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Abstract

Dette kapittelet presenterer forslaget til fagsystem for vurdering av god økologisk tilstand og begrunner valgene som er tatt. Deltagere i undergruppe hav (Per Fauchald, Normann Whitaker Green, Eva Ramirez-Llodra, Sylvia Frantzen, Cecilie von Quillfeldt og Anne Kirstine Frie) har bidratt betydelig til å utvikle egenskapene som gir en normativ beskrivelse av god økologisk tilstand i kapittel 3.4 .

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Abstract

Mountain tourism depends intensively on the quality of the landscape. In recent years, the Norwegian Trekking Association has focused on local food products at their staffed lodges and it uses the slogan “eat the view.” Such a strategy raises the focus on the agricultural use of the land and the quality of the products. Several Norwegian studies were carried out to investigate the quality of different mountain products and connections with vegetation types and grazing behavior. The results show that milk and meat products from animals grazing on alpine rangelands have improved quality compared to “normal” products. A healthier fatty acid composition and a higher content of secondary plant metabolites were characteristic of mountain products. Furthermore, grazing is of the utmost importance for the maintenance of open mountain landscapes and the biodiversity that is dependent on such landscapes. Maintaining traditional grazing systems also secures the preservation of traditional ecological knowledge about utilizing natural resources. Mountain tourism experiences could be improved and enhanced by documenting and telling the unique story of these complex connections between mountain landscapes, biodiversity, agricultural traditions, and local food products.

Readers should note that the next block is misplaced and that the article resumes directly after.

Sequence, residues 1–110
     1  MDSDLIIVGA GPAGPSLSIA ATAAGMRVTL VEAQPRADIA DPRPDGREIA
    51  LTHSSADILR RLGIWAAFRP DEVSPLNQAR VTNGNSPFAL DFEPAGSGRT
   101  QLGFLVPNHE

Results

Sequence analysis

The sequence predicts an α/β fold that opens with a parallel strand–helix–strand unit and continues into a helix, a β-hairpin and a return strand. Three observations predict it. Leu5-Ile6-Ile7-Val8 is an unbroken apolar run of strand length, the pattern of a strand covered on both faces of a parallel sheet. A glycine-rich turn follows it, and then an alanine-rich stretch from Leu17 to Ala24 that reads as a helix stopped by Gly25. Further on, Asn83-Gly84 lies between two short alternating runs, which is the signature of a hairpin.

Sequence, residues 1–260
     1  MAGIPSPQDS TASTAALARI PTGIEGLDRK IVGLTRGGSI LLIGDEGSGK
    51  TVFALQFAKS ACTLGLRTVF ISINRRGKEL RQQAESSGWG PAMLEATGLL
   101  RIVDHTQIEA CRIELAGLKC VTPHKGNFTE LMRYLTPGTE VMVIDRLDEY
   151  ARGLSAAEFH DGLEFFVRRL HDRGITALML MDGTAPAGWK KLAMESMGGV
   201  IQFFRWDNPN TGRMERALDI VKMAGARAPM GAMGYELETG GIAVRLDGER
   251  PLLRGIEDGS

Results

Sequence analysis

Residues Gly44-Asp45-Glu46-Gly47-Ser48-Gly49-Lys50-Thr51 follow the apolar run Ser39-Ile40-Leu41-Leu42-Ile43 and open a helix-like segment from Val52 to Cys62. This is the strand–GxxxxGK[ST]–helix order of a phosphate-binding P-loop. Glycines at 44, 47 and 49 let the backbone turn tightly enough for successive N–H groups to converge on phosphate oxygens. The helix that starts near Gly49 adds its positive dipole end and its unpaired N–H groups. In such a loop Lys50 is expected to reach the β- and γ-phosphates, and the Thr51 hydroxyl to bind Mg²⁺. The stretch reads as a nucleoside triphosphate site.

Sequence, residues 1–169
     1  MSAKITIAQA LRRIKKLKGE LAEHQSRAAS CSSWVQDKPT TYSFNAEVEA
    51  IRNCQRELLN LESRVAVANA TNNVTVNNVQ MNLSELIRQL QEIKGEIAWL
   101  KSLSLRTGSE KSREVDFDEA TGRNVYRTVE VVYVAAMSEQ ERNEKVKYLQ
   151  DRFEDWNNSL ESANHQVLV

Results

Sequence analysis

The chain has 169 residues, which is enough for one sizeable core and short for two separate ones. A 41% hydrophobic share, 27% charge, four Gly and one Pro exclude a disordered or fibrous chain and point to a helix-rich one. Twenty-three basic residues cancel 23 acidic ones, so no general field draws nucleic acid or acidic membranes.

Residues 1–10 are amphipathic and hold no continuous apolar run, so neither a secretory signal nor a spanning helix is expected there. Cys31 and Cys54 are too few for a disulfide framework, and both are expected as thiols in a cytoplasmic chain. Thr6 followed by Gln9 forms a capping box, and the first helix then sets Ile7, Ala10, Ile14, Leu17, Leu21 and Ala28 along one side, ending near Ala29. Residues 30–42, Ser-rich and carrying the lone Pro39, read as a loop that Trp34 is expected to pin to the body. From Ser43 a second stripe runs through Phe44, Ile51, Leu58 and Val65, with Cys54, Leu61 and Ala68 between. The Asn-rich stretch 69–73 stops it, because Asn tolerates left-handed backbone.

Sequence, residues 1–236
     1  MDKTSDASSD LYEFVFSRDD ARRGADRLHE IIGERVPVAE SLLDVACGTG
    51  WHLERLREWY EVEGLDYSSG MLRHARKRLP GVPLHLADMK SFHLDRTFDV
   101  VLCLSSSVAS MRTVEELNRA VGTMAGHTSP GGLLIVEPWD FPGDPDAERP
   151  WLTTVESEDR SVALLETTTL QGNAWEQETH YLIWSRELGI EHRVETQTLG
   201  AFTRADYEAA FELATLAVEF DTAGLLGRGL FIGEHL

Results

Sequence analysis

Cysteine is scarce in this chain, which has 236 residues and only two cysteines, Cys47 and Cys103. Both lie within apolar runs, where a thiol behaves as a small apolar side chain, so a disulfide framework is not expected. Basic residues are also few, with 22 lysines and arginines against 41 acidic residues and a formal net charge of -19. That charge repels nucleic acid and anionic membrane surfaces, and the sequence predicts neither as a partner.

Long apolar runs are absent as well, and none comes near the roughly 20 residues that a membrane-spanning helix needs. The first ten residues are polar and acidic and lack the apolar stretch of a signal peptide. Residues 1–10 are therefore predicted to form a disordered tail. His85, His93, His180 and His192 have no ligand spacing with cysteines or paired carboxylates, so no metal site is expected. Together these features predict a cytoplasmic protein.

Abstract

Terroir characteristics of local food products are sometimes a result of ecosystem services from special nature types as mountain semi-natural grasslands. Several environmental conditions such as climate, topography, location above sea level, geology and soil are important factors defining frames for different vegetation types and available fodder resources in mountain areas. In addition, cultural traditions and a great variety in human land use systems are important determinants for grassland biodiversity. Results from several Norwegian studies show that species rich mountain pastures improve local food quality.

Abstract

In this project plant and vegetation preferences of two Norwegian dairy cattle breeds with different selection history were studied. The Norwegian dairy breed Blacksided Trønder and Nordland Cattle (STN) has never been selected efficiently for higher milk production. The other breed, however, the Norwegian Red (NR), has mainly been selected for this. Two herds both consisting of STN and NR cows, were studied. To examine the animals\" plant preferences, faeces samples were collected and analysed for plant fragments. Vegetation maps were also used to find possible differences in grazing preferences. Breed differences with regard to recorded plant fragments in the faeces samples were significant for Nardus stricta, a species characteristic for nutrient poor but mostly species rich vegetation types in the studied areas, vegetation types of high importance for the biodiversity especially in one of the areas. STN had the highest share of Nardus stricta. Altogether the results of the study indicate that a higher producing cattle breed might prefer to graze more nutrient rich vegetation areas compared to a lower yielding cattle breed, when grazing less nutrient and base rich - but species rich grasslands.